• This Common Sight at Playgrounds May Bring Your Child to the ER
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  • It looks like it may be time to retire a common practice previously thought of by many as a safety measure.

    A child who goes down the slide with a grown-up can end up with a broken leg bone, according to research that will be presented tomorrow, September 20, at the American Academy of Pediatrics National Conference & Exhibition.

    There is a risk involved when a child slides down on her own. With the legs out and in front, her foot can get caught on the side or bottom of the slide. But the risks may be lower compared to having an adult behind the child. The added weight and momentum are enough to cause a fracture, explains lead researcher Dr. Charles Jennissen, a clinical professor and pediatric emergency medicine staff physician at the University of Iowa. 

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    For the study, Dr. Jennisen and his team looked at data from children 6 years old and below. They found that toddlers age 12 to 23 months had the highest number of injuries. The most common, 36 percent, were fractures usually involving the lower leg. “In the majority of cases, this type of fractures happens when the child's foot catches the edge or bottom of the slide, then twists and bends backward while sitting on a parent's lap,” said the study’s news release. 

    Researchers recommend moms and dads to avoid going down the slide with their children. It may, in fact, be doing more harm than good. “Many parents and caregivers go down a slide with a young child on their lap without giving it a second thought,” said Dr. Jennissen. “And in most cases I have seen, the parents had no idea that doing so could possibly give their child such a significant injury. They often say they would never have done it had they known.”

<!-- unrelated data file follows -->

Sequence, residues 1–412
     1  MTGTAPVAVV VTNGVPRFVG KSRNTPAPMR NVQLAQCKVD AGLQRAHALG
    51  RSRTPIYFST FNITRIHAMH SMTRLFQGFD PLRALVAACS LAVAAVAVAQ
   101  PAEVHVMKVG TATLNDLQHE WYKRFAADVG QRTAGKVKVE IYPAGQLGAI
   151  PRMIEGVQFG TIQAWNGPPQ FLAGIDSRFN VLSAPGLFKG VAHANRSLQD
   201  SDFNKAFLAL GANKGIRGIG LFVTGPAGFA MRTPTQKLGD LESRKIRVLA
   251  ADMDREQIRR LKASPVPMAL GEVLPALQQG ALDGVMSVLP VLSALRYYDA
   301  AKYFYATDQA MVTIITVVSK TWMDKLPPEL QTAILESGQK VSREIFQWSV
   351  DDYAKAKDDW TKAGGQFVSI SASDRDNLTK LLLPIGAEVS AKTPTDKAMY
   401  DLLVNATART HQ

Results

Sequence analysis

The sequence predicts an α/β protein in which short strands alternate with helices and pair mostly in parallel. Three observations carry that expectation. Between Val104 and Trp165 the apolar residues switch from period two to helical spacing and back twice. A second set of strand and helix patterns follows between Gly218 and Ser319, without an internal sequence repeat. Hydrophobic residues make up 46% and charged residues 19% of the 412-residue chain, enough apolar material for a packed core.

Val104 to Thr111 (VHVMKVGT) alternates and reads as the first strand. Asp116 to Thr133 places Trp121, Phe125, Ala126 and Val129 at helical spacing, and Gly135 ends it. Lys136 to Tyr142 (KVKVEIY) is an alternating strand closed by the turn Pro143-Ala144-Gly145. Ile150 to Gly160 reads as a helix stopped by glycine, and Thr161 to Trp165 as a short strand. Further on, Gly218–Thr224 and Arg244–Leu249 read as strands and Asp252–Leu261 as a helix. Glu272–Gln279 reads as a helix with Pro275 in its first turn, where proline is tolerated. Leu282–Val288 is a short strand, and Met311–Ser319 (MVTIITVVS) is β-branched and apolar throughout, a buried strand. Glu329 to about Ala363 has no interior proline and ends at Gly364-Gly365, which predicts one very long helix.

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    Slides can be scary for small children, and it’s understandable why they would want mom or dad with them when they ride it. To help make sure your child is away from danger at the playground slides, check for these (as advised by the American Academy of Pediatrics):

    • Check that the slide is not hot. Metal slides sitting under the sun can get very hot -- enough to burn a child's hands and legs. Plastic slides are better, but both should be checked by a parent before being used by a child.
    • Make sure your child is seated when going down the slide. The sides of open slides should be at least 4 inches high. If they’re not, consider not letting your child get on. 
    • Check the base of the slide. The landing area should be free from toys and rocks. Wait until there are no other children at the base too. The area at the front of the slide should be clear.

    Have fun and stay safe!

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